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Reification

(also known as: abstraction, concretism, fallacy of misplaced concreteness, hypostatisation)

Description: When an abstraction (abstract belief or hypothetical construct) is treated as if it were a concrete, real event or physical entity -- when an idea is treated as if had a real existence.

Example #1:

It's time to grab my future by the balls.

Explanation: The future is an abstraction. It does not have testicles. If it did, you probably wouldn't want to grab them because your future might sue you for sexual misconduct.

Example #2:

If you are open to it, love will find you.

Explanation:  Love is an abstraction, not a little fat flying baby with a bow and arrow that searches for victims.  Cute sayings such as this one can serve as bad advice for people who would otherwise make an effort to find a romantic partner, but choose not to, believing that this "love entity" is busy searching for his or her ideal mate.

Exception: In most cases, even in the above examples, these are used as rhetorical devices. When the reification is deliberate and harmless, and not used as evidence to support a claim or conclusion, then it is not fallacious.

Mother Nature can be disturbingly unkind.

Variation: The pathetic fallacy is the treatment of inanimate objects as if they had human feelings, thought, or sensations.  Think of cursing at your computer when it does not give you the results you expect.

References:

reification | literature | Britannica.com. (n.d.). Retrieved from https://www.britannica.com/topic/reification



Registered User Comments

Jacob
Monday, February 26, 2018 - 08:24:04 AM
Is it reification if I say...

Big Pharma wants to keep you sick.
Uncle Sam wants you to join the military.
The government wants to take your guns.

Big Pharma and the government are not abstract terms like love, but maybe it is still reification. The government is made of thousands of dispirite people and departments. It can’t want to take your guns in the same way that an individual person can. The whole government is reified into one thing so it is easier to vilify.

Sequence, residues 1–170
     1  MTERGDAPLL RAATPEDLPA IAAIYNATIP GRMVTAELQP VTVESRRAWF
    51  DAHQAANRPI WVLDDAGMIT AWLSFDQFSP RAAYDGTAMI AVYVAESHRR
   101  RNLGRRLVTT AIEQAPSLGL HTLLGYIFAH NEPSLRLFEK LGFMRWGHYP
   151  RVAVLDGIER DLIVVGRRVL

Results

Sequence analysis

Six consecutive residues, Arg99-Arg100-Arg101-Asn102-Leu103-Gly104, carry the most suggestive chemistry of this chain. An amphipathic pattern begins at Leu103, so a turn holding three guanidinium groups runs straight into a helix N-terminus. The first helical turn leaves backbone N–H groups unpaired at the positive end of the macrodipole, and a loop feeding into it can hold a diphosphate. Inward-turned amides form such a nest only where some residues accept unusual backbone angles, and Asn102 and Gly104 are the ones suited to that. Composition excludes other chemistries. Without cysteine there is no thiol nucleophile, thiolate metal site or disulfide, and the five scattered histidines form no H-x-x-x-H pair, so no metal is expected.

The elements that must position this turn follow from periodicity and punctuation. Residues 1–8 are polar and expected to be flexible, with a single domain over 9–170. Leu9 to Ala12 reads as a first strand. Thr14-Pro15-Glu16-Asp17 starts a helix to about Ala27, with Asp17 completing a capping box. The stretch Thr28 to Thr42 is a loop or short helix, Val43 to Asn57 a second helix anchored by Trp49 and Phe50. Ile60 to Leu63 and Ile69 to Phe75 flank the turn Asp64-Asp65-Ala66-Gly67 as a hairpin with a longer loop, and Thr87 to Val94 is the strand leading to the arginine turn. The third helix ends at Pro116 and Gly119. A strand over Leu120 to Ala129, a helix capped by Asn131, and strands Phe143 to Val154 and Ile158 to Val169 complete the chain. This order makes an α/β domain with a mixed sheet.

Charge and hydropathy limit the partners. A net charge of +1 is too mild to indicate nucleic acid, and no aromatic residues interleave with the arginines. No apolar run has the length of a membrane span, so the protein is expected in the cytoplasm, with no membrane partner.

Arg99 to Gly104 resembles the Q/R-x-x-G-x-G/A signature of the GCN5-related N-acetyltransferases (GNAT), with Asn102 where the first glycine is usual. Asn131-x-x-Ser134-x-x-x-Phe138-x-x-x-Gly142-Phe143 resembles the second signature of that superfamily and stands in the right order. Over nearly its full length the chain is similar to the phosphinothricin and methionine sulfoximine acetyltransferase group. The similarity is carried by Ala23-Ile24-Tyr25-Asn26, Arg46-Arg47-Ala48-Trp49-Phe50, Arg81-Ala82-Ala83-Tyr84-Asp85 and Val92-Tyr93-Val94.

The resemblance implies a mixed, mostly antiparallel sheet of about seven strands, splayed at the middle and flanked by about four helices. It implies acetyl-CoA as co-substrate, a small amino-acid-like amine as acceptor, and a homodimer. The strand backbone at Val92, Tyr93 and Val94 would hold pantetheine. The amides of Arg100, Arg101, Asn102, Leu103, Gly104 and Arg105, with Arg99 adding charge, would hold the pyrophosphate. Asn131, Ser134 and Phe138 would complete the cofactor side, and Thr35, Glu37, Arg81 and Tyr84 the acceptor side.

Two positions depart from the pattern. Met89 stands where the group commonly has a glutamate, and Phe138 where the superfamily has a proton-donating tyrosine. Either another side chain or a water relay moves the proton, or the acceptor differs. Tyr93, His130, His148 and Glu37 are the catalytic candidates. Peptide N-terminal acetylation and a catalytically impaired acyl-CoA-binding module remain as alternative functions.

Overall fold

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Bo Bennett, PhD
Sunday, March 11, 2018 - 07:19:38 AM
For our purposes, abstraction is defined as "something that exists only as an idea." Your examples might be debatable if they are ideas or just names for groups of things that actually exists (companies, people, etc.).

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Jacob
Friday, March 09, 2018 - 01:35:55 PM
Reification seems nearly the same as Anthropomorphism.

Anthropomorphism is "Non-human thing is described with human characteristics."

Reification is "When an abstraction (abstract belief or hypothetical construct) is treated as if it were a concrete, real event or physical entity -- when an idea is treated as if had a real existence."

The "If you are open to it, love will find you" example makes sense as an example of reification. Love is an abstraction, but a stomach is a "non human thing treated with human characteristics". The reification example of the street calling your name also seems more like a "non human thing treated with human characteristics."

Wouldn't the "My stomach is telling me it is time to eat" and "the street calling your name" example be more an example of anthropomorphism.

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Bo Bennett, PhD
Sunday, March 11, 2018 - 07:15:18 AM
I agree that the examples (besides the love one) are the not the best. I will revise those to make sure the idea is more abstract.

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